- The Fourth Circuit found that allegedly ongoing contamination seeping through groundwater from a previously repaired gasoline pipeline rupture is regulated under the CWA. Upstate Forever v. Kinder Morgan Energy Partners, 887 F.3d 637 (4th Cir. 2018).
- The Fourth Circuit also found that coal ash settling ponds and landfills are not “point sources” or “discernible, confined, and discrete conveyances” and therefore are not regulated under the CWA. Sierra Club v. Virginia Electric Power Co., 903 F.3d 403 (4th Cir. 2018).
- The Sixth Circuit found that seepage of pollutants from coal ash ponds/impoundments that migrated through karst topography to nearby surface water is not regulated by the CWA. Kentucky Waterways Alliance v. Kentucky Utilities Co., 905 F.3d 925 (6th Cir. 2018); Tennessee Clean Water Network v. Tennessee Valley Auth., 905 F.3d 436 (6th Cir. 2018).
Similar to the existing legal landscape regarding the definition of WOTUS, the conflicting decisions of the Fourth, Sixth, and Ninth Circuits over the viability of the groundwater “conduit” theory result in an arguably broader scope for CWA liability in the 14 states and two territories within the Fourth and Ninth Circuits and a narrower scope of CWA liability in the four states within the Sixth Circuit. The clear split among these circuits on the scope of CWA liability increases the likelihood that the Supreme Court will weigh in on this important issue. In fact, the defendants in the Upstate Forever v. Kinder Morgan and Hawai’i Wildlife Fund v. County of Maui matters have already filed petitions for a writ of certiorari seeking Supreme Court review.
Natural gas, oil and other hazardous liquid pipeline operators could be specifically affected by the “conduit” theory decisions, as evident by the ruling in Upstate Forever v. Kinder Morgan. The Upstate Forever decision has the potential to significantly expand the scope of the CWA to cover a wide range of unplanned and unintentional discharges that reach surface waters through complex underground pathways. Furthermore, allowing CWA citizen suits to continue after the source of the discharge has been stopped increases exposure for entities that have taken actions to correct a leak or to address residual groundwater contamination through remediation.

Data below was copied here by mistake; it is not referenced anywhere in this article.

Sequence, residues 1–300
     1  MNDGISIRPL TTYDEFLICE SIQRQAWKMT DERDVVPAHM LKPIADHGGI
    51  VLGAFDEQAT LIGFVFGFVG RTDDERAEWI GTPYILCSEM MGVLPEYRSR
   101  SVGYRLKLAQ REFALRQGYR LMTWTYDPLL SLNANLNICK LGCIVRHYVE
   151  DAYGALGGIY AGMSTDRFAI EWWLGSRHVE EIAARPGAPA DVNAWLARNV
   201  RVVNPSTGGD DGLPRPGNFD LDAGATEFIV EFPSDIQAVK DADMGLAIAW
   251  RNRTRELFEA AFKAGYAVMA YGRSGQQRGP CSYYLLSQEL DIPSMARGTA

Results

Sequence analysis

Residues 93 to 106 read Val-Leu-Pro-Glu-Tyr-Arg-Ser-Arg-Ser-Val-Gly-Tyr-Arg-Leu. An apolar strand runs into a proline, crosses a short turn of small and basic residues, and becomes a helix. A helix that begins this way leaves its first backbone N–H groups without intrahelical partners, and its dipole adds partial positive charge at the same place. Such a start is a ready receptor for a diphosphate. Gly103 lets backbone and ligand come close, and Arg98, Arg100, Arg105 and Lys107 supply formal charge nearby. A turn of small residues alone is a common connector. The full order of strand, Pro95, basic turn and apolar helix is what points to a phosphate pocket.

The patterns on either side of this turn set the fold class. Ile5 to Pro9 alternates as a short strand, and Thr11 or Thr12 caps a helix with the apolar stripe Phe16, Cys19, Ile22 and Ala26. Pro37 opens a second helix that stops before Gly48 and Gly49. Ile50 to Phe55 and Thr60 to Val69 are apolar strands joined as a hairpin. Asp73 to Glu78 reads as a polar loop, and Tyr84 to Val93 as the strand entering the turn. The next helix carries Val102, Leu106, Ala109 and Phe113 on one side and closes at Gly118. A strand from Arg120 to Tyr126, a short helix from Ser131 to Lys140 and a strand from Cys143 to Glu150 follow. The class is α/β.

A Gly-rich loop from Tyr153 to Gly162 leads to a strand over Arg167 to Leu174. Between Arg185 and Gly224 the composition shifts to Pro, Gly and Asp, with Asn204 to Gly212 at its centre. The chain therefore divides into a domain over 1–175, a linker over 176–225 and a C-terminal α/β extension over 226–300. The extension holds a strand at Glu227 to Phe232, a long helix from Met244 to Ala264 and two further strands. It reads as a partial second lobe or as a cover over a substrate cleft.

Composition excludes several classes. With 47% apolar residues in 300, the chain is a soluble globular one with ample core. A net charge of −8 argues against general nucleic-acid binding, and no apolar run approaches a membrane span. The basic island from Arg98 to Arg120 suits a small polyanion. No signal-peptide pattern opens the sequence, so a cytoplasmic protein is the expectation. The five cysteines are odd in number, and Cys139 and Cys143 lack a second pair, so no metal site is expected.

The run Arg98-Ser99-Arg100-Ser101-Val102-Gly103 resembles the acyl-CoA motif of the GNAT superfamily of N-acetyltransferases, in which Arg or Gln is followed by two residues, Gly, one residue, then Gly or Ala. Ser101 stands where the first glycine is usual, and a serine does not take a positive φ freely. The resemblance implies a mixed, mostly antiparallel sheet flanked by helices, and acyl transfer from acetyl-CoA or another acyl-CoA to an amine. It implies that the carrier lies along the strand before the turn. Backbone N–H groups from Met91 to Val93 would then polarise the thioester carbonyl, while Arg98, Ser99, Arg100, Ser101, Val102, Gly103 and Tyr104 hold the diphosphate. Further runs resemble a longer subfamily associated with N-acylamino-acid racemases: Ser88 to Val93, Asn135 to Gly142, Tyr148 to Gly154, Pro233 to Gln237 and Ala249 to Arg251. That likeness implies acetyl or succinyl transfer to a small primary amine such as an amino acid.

Notwithstanding the differences in opinion among these federal appellate courts, as a result of the Sixth Circuit decisions regulated parties in CWA lawsuits now have recent persuasive precedent to rely upon when facing allegations of an unauthorized discharge under the CWA from ponds, impoundments, lagoons, landfills and other similar sources.
In the midst of the ongoing litigation over the CWR, the agencies’ recent efforts to roll back the CWR and redefine WOTUS, and the clear split among federal appellate courts on the legitimacy of the groundwater “conduit” theory, companies engaged in natural gas pipeline siting/ permitting and exploration and production activities face an evolving scope of CWA regulation, with state-by-state differences and likely changes due to future judicial decisions and executive actions.
Babst Calland will continue to monitor these significant legal developments under the CWA. If you have questions about the topics discussed in this article or how they may impact your operations and compliance obligations, contact Lisa M. Bruderly at 412-394-6495 or email@example.com, or Gary E. Steinbauer at 412-394-6590 or firstname.lastname@example.org.